Sir: You perceptively analyse what is wrong with international agencies ("A world order of scandal and graft", 11 May), but you are wrong in the conclusions you draw from the one instance in recent years when Western countries have withdrawn from a UN agency (the US from Unesco in 1984, the UK in 1985).
These moves were far more closely linked to the domestic agendas of the Reagan and Thatcher governments, and in particular to the influence in both capitals of the bitterly anti-UN, right-wing US Heritage Foundation, than to what was actually happening in Paris. Unesco had many faults, but they were not those of financial corruption (both the US General Accounting Office and the British Audit Office gave it a clean bill of health), nor of the director-general, Amadou-Mahtar M'Bow, riding roughshod over the wishes of member states.
Unesco's weaknesses, in fact, largely stemmed from decades of Western neglect and indifference and could not possibly have been completely remedied in the short 20-month period we arbitrarily gave to the organisation to pull its socks up (the Americans gave even less). We left despite progress towards reform, which officials in Whitehall privately recognised was the most that could be achieved in the time available, and despite the pleas of our EC and Commonwealth partners to stay on and help them complete the process. To our shame, we are still out.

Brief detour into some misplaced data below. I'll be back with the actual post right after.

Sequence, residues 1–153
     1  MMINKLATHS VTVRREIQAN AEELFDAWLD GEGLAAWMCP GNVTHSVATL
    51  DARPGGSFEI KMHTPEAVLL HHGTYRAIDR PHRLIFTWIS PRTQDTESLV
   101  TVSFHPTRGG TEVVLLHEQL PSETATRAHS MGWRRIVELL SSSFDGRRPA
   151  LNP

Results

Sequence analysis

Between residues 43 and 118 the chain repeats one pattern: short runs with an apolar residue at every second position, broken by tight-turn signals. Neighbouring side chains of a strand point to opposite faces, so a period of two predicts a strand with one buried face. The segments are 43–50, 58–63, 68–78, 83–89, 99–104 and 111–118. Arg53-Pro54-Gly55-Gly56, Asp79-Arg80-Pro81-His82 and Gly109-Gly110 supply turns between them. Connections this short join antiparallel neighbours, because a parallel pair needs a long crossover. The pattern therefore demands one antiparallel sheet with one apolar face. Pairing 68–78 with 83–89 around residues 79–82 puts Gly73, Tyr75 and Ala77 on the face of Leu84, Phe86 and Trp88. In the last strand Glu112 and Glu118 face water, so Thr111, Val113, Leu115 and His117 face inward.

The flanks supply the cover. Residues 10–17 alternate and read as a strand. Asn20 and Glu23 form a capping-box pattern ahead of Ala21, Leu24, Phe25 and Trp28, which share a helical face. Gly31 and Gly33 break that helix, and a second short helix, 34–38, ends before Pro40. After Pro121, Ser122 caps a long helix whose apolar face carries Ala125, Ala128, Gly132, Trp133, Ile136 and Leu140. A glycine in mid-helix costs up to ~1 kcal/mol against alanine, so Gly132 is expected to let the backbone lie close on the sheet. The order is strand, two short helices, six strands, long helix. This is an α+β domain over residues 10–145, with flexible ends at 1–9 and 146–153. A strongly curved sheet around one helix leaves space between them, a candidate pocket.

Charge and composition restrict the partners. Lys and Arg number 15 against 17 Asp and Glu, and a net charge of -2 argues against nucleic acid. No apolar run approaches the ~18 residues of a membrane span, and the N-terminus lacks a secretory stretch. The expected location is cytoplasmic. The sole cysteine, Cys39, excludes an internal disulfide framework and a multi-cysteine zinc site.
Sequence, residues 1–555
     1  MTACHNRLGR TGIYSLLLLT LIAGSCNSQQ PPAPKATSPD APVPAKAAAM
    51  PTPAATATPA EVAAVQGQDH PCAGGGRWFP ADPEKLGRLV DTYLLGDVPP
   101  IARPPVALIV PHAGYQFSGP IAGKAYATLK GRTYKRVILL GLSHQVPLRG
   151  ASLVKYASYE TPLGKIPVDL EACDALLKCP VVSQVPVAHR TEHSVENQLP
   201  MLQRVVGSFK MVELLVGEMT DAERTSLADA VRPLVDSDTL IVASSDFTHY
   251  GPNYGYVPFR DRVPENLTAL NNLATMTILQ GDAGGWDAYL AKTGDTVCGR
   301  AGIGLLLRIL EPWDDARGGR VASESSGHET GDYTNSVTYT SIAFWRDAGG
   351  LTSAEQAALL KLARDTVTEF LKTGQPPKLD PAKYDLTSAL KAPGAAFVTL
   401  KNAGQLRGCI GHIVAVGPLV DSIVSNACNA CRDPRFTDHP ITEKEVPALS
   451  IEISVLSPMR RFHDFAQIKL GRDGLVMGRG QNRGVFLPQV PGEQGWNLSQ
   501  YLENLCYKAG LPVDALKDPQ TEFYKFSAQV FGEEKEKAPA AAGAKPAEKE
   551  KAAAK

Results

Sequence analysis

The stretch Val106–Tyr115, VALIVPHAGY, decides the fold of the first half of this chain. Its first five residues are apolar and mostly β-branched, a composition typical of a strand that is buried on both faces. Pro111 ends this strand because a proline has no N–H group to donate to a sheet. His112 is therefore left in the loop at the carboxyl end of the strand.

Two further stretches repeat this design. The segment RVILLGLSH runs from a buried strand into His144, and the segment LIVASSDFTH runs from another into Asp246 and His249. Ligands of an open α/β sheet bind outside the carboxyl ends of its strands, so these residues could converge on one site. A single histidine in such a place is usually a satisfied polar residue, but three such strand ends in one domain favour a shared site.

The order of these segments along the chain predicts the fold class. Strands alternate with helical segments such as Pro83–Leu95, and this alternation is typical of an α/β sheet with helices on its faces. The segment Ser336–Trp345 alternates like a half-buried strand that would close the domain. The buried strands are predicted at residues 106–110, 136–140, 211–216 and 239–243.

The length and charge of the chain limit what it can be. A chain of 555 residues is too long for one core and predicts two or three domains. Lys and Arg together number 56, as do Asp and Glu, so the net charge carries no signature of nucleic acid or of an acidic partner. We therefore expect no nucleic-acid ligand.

In suggesting that UN bodies are basically uncontrollable, except by an as yet hardly existent international public opinion, you are falling into the same trap as the British anti-Europeans in attacking the European Commission. As intergovernmental organisations, UN bodies are legally, financially and politically responsible to their member states. If those states fail to exercise their powers of control, it is they, rather than secretariats, who should be pilloried.
The key issue of UN reform is that of political leadership by member states. More particularly, it is a question of whether Western countries have the determination, skill and vision to build a consensus among the broader membership of where the UN system is going and of what changes in it are necessary.
The writer was British Permanent Delegate to Unesco (1984-5.)